BUFFALO, NY - President Barack Obama may have averted an election year nightmare, by diffusing a bombshell debate over birth control.
Today the President proposed a compromise on the issue which inflamed staunch Catholics in particular.
His earlier plan would have required religiously affiliated employers, such as hospitals and schools, to provide full contraception coverage to female employees.
Opponents of the measure, including Catholic Cardinals and Bishops and Republican leaders, responded with intense anger.
Instead, the President now wants those workers to get free contraceptive coverage from health insurers, thus sparing religious based groups, morally opposed to paying for birth control, from having to do so.
The White House called it "an accommodation".
"I think it's a balanced approach," U.S. Senator Kirsten Gillibrand (D-NY) told WGRZ-TV. "I think the President tried very hard to reach the goal that all American women have access to affordable birth control," Sen. Gillibrand said.
Gillibrand's fellow Capitol Hill democrat, Rep Kathy Hochul (NY 26th) praised the President, for deftly extinguishing the flames of a fiery debate.
"And he's worked hard to do this, to make sure there's an accommodation that allows religious institutions to maintain their core principles that are important to them, and upon which the government has no right to infringe," Hochul said.
Both Gillibrand and Hochul say the provision of free contraception coverage by health insurers should have no impact on rates for everyone else.
"Under the Health Care Act they'd be required to provide them for free regardless of who the employer is. There are certain services that are identified as being preventative, and those are required to be free anyhow," said Hochul.
"There would be less unintended pregnancies, so their costs actually go down," added Gillibrand. "So this is something that's going to be in the insurer's interest."
Earlier this week, Buffalo's Catholic Bishop Edward U. Kmiec told Two On Your Side the matter was one of religious liberty, for which there would be no compromise.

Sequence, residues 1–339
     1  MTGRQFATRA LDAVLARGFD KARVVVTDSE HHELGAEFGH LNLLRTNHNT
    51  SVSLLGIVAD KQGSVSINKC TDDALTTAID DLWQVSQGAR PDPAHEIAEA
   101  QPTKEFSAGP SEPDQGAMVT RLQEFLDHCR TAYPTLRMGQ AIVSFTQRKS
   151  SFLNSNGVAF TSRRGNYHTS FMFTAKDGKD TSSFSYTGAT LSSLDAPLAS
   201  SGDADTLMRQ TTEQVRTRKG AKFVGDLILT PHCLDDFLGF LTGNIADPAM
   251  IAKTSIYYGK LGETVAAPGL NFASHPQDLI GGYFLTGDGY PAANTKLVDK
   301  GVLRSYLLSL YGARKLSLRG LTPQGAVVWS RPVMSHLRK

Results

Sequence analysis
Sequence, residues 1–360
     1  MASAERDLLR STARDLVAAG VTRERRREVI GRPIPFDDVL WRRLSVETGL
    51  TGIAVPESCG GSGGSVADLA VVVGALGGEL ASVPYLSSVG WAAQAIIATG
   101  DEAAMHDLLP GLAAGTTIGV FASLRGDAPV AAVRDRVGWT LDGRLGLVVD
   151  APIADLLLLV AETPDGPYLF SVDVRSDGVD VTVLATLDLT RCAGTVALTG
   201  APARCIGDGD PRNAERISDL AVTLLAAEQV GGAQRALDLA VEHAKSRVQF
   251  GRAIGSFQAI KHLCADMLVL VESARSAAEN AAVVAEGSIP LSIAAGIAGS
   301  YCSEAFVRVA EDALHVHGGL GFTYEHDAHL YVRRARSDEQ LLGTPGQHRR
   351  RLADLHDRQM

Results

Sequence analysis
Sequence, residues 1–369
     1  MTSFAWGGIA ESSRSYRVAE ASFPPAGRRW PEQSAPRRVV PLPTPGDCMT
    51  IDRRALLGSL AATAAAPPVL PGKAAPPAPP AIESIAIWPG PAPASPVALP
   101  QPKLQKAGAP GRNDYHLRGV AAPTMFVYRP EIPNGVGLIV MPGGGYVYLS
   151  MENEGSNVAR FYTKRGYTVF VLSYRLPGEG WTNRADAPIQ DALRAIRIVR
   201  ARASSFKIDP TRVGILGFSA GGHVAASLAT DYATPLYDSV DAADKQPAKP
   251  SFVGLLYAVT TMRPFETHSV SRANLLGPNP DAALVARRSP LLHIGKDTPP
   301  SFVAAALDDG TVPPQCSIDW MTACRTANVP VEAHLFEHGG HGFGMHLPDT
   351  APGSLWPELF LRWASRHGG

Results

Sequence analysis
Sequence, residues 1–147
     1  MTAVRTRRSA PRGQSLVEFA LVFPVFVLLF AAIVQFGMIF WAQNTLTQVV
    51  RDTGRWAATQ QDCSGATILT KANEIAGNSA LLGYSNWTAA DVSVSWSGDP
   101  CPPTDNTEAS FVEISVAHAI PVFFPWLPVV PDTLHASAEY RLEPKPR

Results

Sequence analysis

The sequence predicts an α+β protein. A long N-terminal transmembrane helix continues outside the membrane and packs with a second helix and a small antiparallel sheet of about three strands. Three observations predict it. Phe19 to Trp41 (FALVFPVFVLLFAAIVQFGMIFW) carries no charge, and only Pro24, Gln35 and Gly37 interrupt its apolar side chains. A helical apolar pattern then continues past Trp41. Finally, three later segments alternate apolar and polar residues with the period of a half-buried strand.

After the President announced his new proposal, we were told the Bishop was unavailable by a diocesan spokesman, who deferred to a statement (below) issued by the United States Conference of Catholic Bishops, which he said was "fully-endorsed" by Kimiec.
Both Hochul and Gillibrand said the policy now being proposed by the President should be nothing new to residents of New York State.
"I think it's important to note that this has been in practice in New York State for over ten years," Hochul said.
Click on the video player to watch our story from Two On Your Side Reporter Dave McKinley and Photojournalist Norm Fisher from Eden.
Click here to read Dave McKinley's latest blog.
Statement released Friday afternoon by The United States Conference of Catholic Bishops:
"While there may be an openness to respond to some of our concerns, we reserve judgment on the details until we have them," said Cardinal-designate Timothy Dolan, president of USCCB.
"The past three weeks have witnessed a remarkable unity of Americans from all religions or none at all worried about the erosion of religious freedom and governmental intrusion into issues of faith and morals," he said.
"Today's decision to revise how individuals obtain services that are morally objectionable to religious entities and people of faith is a first step in the right direction," Cardinal-designate Dolan said. "We hope to work with the Administration to guarantee that Americans' consciences and our religious freedom are not harmed by these regulations."
WGRZ-Tv, wgrz.com, AP